House Speaker Nancy Pelosi, D-Calif., announced a formal impeachment inquiry into President Trump in late September. The speaker had resisted launching official proceedings for months as a steady string of House Democrats pushed for committees to act.
Momentum behind an inquiry grew as a flood of House Democrats once wary of the issue publicly said the allegations from a whistleblower that Trump pressed the leader of Ukraine to dig up dirt on Trump’s political opponent had become a turning point.
Another pivotal move was the decision by seven House freshman Democrats with national security backgrounds to write an editorial in The Washington Post saying the nation is at a new moment. “If these allegations are true, we believe these actions represent an impeachable offense,” they wrote.
The speaker previously said her marker for pursuing impeachment was that there had to be bipartisan and public support. Public opinion polls released in June showed that a majority of Americans oppose impeachment proceedings, and even those who backed it indicated it is unlikely to advance in the GOP-controlled Senate. Congressional Republicans remain united behind the president.
In June, Rep. Justin Amash of Michigan became the only Republican to back launching an inquiry. On July 4, he declared his independence from the Republican Party, although he did not declare an affiliation with another party.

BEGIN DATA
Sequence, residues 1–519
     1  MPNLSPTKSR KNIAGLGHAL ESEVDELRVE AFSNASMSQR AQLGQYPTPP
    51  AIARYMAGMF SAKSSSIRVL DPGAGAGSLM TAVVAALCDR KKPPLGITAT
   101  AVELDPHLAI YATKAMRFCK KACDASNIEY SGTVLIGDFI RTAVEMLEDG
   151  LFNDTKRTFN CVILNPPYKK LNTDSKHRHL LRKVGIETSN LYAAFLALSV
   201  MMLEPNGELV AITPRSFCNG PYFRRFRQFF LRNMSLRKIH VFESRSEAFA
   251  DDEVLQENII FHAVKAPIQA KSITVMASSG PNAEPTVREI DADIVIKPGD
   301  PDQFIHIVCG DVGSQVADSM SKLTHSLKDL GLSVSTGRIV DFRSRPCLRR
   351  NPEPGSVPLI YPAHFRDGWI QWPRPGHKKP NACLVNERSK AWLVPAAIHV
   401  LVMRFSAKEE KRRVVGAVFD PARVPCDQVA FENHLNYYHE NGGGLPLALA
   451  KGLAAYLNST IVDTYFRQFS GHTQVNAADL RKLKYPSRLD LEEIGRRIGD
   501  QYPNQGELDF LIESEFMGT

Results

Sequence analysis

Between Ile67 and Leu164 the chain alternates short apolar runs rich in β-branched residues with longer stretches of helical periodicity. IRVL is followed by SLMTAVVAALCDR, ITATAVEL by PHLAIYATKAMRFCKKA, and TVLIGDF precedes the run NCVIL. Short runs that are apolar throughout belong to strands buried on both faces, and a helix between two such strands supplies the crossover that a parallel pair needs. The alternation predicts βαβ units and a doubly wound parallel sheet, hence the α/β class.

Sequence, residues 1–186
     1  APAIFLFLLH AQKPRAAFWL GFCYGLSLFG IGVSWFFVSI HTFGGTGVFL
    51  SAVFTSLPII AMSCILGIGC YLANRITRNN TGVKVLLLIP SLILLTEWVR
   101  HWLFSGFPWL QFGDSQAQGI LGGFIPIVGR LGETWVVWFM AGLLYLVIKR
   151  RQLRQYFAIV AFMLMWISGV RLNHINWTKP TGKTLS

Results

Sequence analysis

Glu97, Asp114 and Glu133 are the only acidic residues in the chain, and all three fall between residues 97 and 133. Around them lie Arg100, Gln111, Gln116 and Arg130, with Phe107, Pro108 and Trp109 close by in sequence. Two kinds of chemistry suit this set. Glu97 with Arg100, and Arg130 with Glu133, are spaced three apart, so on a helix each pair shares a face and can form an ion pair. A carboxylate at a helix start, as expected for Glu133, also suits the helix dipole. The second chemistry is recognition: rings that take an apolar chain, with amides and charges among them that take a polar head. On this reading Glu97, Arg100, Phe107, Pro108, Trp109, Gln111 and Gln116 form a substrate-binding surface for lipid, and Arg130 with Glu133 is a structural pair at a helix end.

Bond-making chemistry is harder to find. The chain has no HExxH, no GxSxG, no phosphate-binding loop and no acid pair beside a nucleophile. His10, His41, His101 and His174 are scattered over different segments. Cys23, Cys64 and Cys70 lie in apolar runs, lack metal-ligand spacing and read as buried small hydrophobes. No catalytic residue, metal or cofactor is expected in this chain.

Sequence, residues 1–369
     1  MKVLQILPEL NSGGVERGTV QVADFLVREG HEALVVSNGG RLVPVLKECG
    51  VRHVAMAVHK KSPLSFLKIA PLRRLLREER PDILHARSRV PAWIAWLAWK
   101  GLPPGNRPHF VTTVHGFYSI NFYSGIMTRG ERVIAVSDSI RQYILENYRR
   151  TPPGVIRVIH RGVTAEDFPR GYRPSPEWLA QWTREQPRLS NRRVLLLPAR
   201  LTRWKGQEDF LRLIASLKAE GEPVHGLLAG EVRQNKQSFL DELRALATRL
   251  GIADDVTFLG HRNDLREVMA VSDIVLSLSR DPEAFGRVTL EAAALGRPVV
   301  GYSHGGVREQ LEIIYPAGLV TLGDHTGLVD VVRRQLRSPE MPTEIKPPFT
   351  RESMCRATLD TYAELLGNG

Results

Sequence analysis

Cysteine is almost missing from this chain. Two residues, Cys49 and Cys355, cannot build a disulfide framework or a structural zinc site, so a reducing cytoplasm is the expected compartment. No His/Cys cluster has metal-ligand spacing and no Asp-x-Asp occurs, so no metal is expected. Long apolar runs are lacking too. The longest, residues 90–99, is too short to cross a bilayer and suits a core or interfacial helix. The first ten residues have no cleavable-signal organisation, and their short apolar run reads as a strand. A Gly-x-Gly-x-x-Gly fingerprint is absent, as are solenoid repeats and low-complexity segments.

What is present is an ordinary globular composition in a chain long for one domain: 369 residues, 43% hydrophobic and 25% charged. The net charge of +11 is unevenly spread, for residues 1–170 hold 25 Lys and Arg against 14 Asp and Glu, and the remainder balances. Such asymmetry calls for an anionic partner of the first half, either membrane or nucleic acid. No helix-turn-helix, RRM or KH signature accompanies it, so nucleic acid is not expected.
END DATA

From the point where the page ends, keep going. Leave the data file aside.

Pelosi has been continuously taking the pulse of her caucus — most notably those who won in competitive districts and gave her back the gavel as speaker in the 2018 midterms. Ahead of Pelosi’s announcement of formal proceedings, close allies of the speaker who had held back from calling for impeachment went on the record calling for the House to act.
Pelosi was at the crossroads of weighing the political backlash for those vulnerable Democrats who could lose their seats in 2020 if the public remains opposed with pressure from progressives who insist Congress would be derelict if it doesn’t act within its constitutional power.
She chose to back the inquiry.
Of the lawmakers on record, some have stated outright that they support impeachment, while others specify that they support an impeachment inquiry. Both of those positions are noted as “for impeachment” in the graphics.
Editor’s note: NPR’s tracker lists lawmakers who have publicly announced definitive support for an impeachment inquiry. Those lawmakers who have said they would support impeachment with some qualification — e.g., if some allegations about the president are proven true — are not counted on the list of those backing impeachment.
This story was originally published on June 19, 2019.
NPR will continue to track where each member of the House of Representatives stands on impeachment proceedings. See something we missed? Email us at firstname.lastname@example.org.Share